The only evidence Williams presented at the time the plea was entered and at the hearing on his motion to withdraw the plea was that he felt pressured to enter into the plea agreement because he did not want his son to have a felony conviction. Where, as here, there is no evidence of any promises or threats to the defendant other than those represented in the written plea agreement, where the defendant signs the written plea agreement acknowledging guilt in his own words, and where the defendant states that no other promises were made other than those in the plea agreement, the trial court properly accepts the plea as being the result of the defendant's own volition and freely and voluntarily made. Although Williams was undoubtedly influenced at least in part by a desire to help his son, the desire to help a loved one and the accompanying emotional and psychological pressure do not, standing alone, render a guilty plea involuntary.z33

We affirm the trial court.

1. CP 3.

2. CP 4.

3. CP 4.

4. The cut on her finger required stitches.

5. Miranda v. Arizona, 384 U.S. 436, 86 S. Ct. 1602, 16 L. Ed. 2d 694 (1966).

6. CP 5.

7. CP 10.

8. RP 14-15.

9. "I felt that my son could very possibly be convicted of a third degree assault, and would thereby have a felony of Child Assault to which he'd have to be looking at for the rest of his life. I couldn't let him face that and took the plea bargain as it stood because neither I nor my attorney knew any better as to what the law was regarding a joint plea." CP 25.

10. RP 24.

11. "But quite frankly, and I have got to tell you, Mr. Williams, from a legal perspective, I don't see any legitimate basis for withdrawing the plea. The issue that you have raised is an issue that was before you at the time of the entry of the plea. In fact, we just briefly touched on it in the course and conduct of taking the plea, it's not an unintended consequence, it was on the table from the beginning, so I don't find any manifest injustice to permit withdrawal of the plea at this point in time." RP 28.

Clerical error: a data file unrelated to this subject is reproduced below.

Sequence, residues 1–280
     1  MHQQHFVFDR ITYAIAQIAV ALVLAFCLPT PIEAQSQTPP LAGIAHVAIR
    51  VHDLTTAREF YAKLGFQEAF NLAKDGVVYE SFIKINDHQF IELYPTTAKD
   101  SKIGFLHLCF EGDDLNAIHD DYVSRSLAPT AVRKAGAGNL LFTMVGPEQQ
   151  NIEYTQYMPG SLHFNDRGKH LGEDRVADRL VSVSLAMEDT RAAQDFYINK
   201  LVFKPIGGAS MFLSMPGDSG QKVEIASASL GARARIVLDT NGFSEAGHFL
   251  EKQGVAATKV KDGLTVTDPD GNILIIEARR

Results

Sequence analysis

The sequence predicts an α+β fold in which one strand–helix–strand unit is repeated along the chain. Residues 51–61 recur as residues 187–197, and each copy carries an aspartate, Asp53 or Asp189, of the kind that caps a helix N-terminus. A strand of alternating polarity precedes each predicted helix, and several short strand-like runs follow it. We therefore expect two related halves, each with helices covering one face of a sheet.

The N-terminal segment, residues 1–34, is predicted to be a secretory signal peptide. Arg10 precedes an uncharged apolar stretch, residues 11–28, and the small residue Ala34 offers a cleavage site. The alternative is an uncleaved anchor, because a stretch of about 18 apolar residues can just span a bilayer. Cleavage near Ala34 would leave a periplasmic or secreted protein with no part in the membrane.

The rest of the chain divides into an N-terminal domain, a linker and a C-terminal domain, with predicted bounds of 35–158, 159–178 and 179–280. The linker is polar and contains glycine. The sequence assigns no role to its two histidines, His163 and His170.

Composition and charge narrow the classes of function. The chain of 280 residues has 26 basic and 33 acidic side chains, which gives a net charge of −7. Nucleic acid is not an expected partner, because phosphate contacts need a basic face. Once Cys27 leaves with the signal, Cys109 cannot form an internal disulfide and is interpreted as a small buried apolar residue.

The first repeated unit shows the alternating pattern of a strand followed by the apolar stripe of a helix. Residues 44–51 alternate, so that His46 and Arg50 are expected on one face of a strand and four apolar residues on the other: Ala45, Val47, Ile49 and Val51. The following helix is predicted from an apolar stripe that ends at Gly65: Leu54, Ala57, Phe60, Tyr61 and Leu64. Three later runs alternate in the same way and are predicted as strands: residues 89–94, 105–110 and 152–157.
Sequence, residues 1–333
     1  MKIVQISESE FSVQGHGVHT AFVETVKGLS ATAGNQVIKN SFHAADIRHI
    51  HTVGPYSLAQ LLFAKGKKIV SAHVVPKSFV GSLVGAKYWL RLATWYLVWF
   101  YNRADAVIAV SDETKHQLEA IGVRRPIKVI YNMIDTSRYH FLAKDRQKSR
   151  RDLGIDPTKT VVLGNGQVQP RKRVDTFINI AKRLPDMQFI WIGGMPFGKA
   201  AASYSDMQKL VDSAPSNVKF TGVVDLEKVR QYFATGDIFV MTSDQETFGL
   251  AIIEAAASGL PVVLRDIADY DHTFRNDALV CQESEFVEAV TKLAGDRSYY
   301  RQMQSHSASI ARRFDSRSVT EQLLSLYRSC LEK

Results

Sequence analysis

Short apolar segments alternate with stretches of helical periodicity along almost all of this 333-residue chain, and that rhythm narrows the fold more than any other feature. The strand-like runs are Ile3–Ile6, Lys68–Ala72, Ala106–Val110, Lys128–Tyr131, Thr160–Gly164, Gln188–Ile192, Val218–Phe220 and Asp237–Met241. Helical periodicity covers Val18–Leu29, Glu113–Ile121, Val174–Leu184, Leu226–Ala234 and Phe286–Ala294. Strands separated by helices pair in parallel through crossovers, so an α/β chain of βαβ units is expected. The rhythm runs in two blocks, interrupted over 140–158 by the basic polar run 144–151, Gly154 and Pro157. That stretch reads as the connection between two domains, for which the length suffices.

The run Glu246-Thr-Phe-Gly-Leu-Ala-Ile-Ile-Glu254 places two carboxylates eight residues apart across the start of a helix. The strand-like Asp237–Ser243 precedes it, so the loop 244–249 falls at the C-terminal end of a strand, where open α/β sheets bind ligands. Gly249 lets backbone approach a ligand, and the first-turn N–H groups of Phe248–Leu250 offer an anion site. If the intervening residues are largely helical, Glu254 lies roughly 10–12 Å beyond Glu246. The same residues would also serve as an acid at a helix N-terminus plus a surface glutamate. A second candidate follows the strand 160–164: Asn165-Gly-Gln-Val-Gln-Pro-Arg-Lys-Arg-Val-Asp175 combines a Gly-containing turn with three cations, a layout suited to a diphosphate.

12. State v. Moon, 108 Wn. App. 59, 62, 29 P.3d 734 (2001).

13. State v. Jamison, 105 Wn. App. 572, 590, 20 P.3d 1010, rev. denied, 144 Wn.2d 1018 (2001).

14. "The court shall allow a defendant to withdraw the defendant{`}s plea of guilty whenever it appears that the withdrawal is necessary to correct a manifest injustice." CrR 4.2(f).

15. State v. Branch, 129 Wn.2d 635, 641, 919 P.2d 1228 (1996).

16. State v. Wakefield, 130 Wn.2d 464, 472, 925 P.2d 183 (1996).

17. Brady v. United States, 397 U.S. 742, 749, 90 S. Ct. 1463, 25 L. Ed. 2d 747 (1970).

18. Id., 397 U.S. at 750.

19. Boykin v. Alabama, 395 U.S. 238, 242, 89 S. Ct. 1709, 23 L. Ed. 2d 274 (1969).

20. Id., 395 U.S. at 243.

21. 30 Wn. App. 229, 633 P.2d 901 (1981).

22. Cameron, 30 Wn. App. at 231.

23. United States v. Caro, 997 F.2d 657, 659 (9th Cir. 1993).

24. Id.

25. (Emphasis in original.) Bordenkircher v. Hayes, 434 U.S. 357, 364, n.8, 98 S. Ct. 663, 54 L. Ed. 2d 604 (1978). For example, one co-defendant may be happier with the plea than the other and may try to force the co-defendant into going along with the deal. United States v. Caro, 997 F.2d 657, 659-60 (9th Cir. 1993).

26. United States v. Martinez-Molina, 64 F.3d 719, 733 (1st Cir. 1995); Caro, 997 F.2d at 659-60; see also, Fed.R.Crim.P. 11(c)(2) ("The parties must disclose the plea agreement in open court when the plea is offered, unless the court for good cause allows the parties to disclose the plea agreement in camera.").

27. United States v. Abbott, 241 F.3d 29, 34 (1st Cir. 2001).

28. Cortez v. United States, 337 F.2d 699 (9th Cir. 1964).

29. United States v. Castello, 724 F.2d 813 (9th Cir. 1984).

30. See e.g., Caro, 997 F.2d at 660 (holding that the voluntariness of the defendant's plea was called into question where the trial court failed to investigate whether the co-defendants pressured the defendant into entering the plea).

31. See State v. Miller, 131 Wn.2d 78, 90, 929 P.2d 372 (1997); State v. Gonzalez, 90 Wn. App. 852, 855, 954 P.2d 360 (1998).

32. State v. Perez, 33 Wn. App. 258, 262, 654 P.2d 708 (1982) (stating that where the defendant acknowledges the truth of his written statement on plea of guilty, and the court questions the defendant and satisfies itself on the record that the various criteria of voluntariness exist, the presumption of voluntariness is "well nigh irrefutable").

33. Cortez, 337 F.2d at 669; Kent v. United States, 272 F.2d 795 (1st Cir. 1959).